UPDATE: Thursday, 3 p.m.
An approximately 30-year-old Hispanic man is the suspect in the fatal hit-and-run of Sister Jacqueline Walsh, and police are appealing to him to turn himself in to any law enforcement agency.
Though officers said they know exactly who they are seeking and have his name and photograph, they are still not releasing his identity—saying only that there were investigative reasons for withholding that information from the public.
“We don’t want anybody approaching him, outside of law enforcement, right now,” Southampton Town Police Chief William Wilson Jr. said. “If he’s not taken into custody in the near future—and I’m not going to lock myself into a timeline—then we will seek the public’s help and the media’s help by releasing his name and photo.
“We have our reasons, and I’m not asking anybody to understand them, but we have reasons for why we’re not divulging that information yet,” he added. “If and when the time comes, we will put it out there.”
Town Police are working with the U.S. Marshals, Suffolk County District Attorney Thomas J. Spota’s office, New York State Police and the Suffolk County Crime Laboratory.
Police could not confirm if the suspect already has a lawyer, nor would they say if there is any relationship to Mr. Zaro, the vehicle’s owner. They did say that the vehicle had not been reported stolen.
The SUV was found on Tuesday morning, tucked into a private property, police said, but they would not specify which property. A search warrant was executed on the vehicle yesterday at police headquarters.
Sister Walsh—known to many as Sister Jackie—was wearing casual layperson’s clothing when she was struck, but details of what exactly happened that night are still sketchy, as the accident reconstruction process is still in its infancy. On Tuesday, there were no skid marks or signs of other damage at the scene of the crash the night before.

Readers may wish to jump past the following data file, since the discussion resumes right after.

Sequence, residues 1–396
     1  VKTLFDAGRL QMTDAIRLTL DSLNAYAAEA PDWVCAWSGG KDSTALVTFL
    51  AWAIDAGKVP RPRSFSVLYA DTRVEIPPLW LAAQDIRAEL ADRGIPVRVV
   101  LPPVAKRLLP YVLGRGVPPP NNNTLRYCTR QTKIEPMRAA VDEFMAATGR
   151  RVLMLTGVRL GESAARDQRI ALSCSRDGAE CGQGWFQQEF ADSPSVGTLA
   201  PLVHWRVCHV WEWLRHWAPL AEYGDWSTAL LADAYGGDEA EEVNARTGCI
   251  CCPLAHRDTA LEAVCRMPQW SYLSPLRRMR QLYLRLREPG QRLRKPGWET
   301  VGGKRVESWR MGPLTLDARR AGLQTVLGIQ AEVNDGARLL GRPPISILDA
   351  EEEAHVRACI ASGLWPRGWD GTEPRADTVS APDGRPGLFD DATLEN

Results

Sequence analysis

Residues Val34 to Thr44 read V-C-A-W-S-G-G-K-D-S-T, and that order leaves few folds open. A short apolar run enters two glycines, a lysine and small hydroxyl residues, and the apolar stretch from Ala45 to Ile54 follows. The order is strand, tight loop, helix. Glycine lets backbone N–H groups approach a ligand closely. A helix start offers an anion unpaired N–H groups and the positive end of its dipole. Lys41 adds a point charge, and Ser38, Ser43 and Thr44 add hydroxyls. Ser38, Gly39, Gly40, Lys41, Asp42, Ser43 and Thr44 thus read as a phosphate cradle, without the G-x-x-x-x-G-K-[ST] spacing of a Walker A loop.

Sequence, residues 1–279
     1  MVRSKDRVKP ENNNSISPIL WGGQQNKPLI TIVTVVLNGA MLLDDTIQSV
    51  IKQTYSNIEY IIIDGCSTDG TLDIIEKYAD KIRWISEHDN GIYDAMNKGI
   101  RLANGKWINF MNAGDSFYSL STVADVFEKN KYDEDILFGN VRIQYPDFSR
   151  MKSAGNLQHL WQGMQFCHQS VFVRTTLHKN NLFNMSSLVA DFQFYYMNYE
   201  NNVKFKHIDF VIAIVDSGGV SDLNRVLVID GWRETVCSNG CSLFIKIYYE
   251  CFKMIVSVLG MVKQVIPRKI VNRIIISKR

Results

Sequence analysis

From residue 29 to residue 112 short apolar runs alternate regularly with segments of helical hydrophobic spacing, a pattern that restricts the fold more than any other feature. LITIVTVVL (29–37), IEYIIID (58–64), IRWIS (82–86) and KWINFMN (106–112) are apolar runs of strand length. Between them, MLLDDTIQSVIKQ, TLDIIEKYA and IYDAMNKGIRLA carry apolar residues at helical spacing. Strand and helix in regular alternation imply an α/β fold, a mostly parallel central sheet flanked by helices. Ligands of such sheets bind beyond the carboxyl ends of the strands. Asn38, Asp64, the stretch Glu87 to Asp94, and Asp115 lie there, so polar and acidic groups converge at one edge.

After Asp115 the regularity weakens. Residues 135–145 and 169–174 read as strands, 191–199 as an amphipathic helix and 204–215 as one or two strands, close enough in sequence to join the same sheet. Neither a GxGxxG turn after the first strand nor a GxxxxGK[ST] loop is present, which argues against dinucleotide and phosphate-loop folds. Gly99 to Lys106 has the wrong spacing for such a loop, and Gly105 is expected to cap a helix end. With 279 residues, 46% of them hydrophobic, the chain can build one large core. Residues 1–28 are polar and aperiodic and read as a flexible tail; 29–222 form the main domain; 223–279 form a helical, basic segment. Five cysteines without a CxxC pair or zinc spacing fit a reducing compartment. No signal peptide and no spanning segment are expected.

“It was a bit of a bizarre scene, because other than having the deceased on the side of the roadway, there wasn’t any significant indication that there had been a serious motor vehicle accident,” Chief Wilson said.
“Our primary goal is providing some closure to the sister’s family and her congregation, and making sure that the person that was operating that motor vehicle is held accountable,” he said.
The registered owner of the SUV that struck Roman Catholic nun Jacqueline Walsh while she was walking along Rose Hill Road in Water Mill on Monday night was identified by police as Andrew Zaro, who owns a large waterfront estate on the southern tip of the same road.
Mr. Zaro is not believed to have been the driver, according to Southampton Town Police Detective Sergeant Lisa Costa.
The man who was behind the wheel at the time of the fatal hit-and-run—whose name police have not released—is still on the loose, they said. Police have not said why they have refused to release the suspect’s identity.
Mr. Zaro owns the 2009 Volkswagen Touareg V6 that was found unoccupied with front-end damage about a half-mile from where Ms. Walsh’s body was found, Det. Sgt. Costa said. Police have not said where exactly the SUV was found.
Sister Walsh, a 59-year-old Syosset resident, had gone for a walk near Mercy Villa, the Sisters of Mercy of the Americas retreat house—also on Rose Hill Road, where she was on a religious retreat at the time.
The SUV, which police impounded, is heavily dented in front. Its airbags deployed during the crash, but it left no skid marks on the road. The posted speed limit on Rose Hill Road is 30 mph.